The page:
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an odd hatch, bald in spots

Discussion in 'Incubating & Hatching Eggs' started by RoosterDon, Dec 17, 2014.

  1. RoosterDon

    RoosterDon Chillin' With My Peeps

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    Jul 19, 2014
    Austin Texas
    One of my two hatched chicks came out with the normal fuzz/feathers on its head and from the top of the chest on down to the rest of its body. So the area from just under its eyes to the top of its chest (basically the entire neck area and 1/2 of its head) was skin only, or bald looking. We looked online but could not find an answer.

    Does anyone have experience with this? My guess is that it got torn off inside the egg, however, there was no sigh of this being so inside the egg shell left behind.

    I might add, this was my first batch in the Octagon 20 and I was not happy with the unit. We did not get the motorized turner and it was not advised that we get a humidity reader. So, I was constantly having to open the unit to hand turn the eggs, then the temperature adjustment would go out of wack EVERY TIME the lid was removed, leaving me to sit and make small adjustments till it got back to 99.6. One time it went up to 101 which was not fun to see. So, hatching 2 out of 20 is a lot worse then I was doing with the Brinsea MINI, where I consistently was hatching 3-4 out of 7.

    Any thoughts on the Octagon 20 in addition to help on the bald new chick?
     
  2. Pyxis

    Pyxis Dark Sider Premium Member

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    Hello! Does it have a feather pattern like this, without the little bowtie of feathers on the neck that my boy has?

    [​IMG]

    If so, it's probably a naked neck. Totally normal, and it's a trait that you can breed for.

    As for the Octagon 20, I love mine. In regards to turning, it's made so that the whole unit can be rocked back and forth to turn, no opening needed, and that's what I did with mine before I got the turner. And yes, you really do need a humidity gauge in there, and I have a nice one purchased from Amazon that was pretty inexpensive. The humidity problems are probably what killed most of your eggs, since eggs can survive a spike up to 104 degrees.
     
  3. RoosterDon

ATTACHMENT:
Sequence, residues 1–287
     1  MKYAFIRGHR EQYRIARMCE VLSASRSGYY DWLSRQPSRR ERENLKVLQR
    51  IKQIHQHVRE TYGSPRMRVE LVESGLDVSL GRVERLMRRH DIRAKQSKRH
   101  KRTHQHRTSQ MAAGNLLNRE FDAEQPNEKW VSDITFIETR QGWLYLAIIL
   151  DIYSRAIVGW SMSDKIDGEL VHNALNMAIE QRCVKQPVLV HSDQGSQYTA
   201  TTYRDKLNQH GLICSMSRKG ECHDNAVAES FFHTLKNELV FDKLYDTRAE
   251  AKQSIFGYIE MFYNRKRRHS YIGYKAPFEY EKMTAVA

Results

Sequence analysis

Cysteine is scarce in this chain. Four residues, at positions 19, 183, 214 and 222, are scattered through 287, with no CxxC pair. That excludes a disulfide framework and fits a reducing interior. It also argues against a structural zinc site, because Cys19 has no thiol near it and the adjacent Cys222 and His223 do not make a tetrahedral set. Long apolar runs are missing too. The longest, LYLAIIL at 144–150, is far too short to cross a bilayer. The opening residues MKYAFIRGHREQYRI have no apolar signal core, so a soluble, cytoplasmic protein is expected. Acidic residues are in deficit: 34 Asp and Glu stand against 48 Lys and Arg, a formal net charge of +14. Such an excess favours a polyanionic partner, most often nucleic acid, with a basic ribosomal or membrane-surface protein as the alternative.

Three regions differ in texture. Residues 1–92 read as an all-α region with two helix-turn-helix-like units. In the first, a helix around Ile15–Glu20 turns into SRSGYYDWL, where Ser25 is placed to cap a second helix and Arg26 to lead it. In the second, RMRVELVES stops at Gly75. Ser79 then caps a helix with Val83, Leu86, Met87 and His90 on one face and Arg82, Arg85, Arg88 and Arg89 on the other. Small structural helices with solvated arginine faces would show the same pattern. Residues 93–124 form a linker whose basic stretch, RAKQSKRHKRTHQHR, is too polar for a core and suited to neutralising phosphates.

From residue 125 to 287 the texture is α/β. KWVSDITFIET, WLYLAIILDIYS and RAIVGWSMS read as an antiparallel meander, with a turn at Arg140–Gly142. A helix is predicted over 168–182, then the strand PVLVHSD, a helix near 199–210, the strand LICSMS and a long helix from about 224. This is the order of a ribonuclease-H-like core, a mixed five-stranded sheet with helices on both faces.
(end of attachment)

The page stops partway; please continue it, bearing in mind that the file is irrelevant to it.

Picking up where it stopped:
RoosterDon Chillin' With My Peeps

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    Jul 19, 2014
    Austin Texas
    Wow thanks for all of that. I googled Naked Neck chickens and Wikipedia has some interesting pics, especially of a rooster that looks truly out of this world. How exciting.

    And on your octagon 20, do you just rock it back and forth a few time to get the egg insides to move around, then return the octagon to the original position? Or do you rock it to one side, leave it, then in a few hours rock it back, leave it, then rock it to the opposite side, rinse and repeat over and over? That part I am confused on.

    Why did you go for the auto turner? Just easier? That is why I would want to get one. And it sounds like if I get a humidity gauge then I might be motivated to give this another go.

    It was interesting that I asked our egg lady for all RIR's since our one RIR lays humongous eggs and lays like clockwork. Eggs are always in the 70-74 gram size. Our roosters are now mixed breeds so we were hoping to have some pure RIR's to hatch, then start hatching our own eggs again. I guess one of her RIR's had a Naked Neck recessive gene. They sound like awesome chickens too.

    Thanks again for the info and pic.
     
  4. Pyxis

    Pyxis Dark Sider Premium Member

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    No problem! Yeah, I love NN's. I'm currently working on two projects with them. They're great chickens. As for the turning, you rock it to one side, leave it, then in a few hours rock it back, leave it, then rock it to the opposite side, etc etc like you described. I got the autoturner because it's easier and it turns it way more than I would be able to.
     
  5. RoosterDon

    RoosterDon Chillin' With My Peeps

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    Jul 19, 2014
    Austin Texas
    Just wondering, what would be wrong with rocking it back and forth a few times each time? I have never understood why that is not a good thing to do? It seems like either way you are wanting their to be non sticking issues to the inside of the egg.
     

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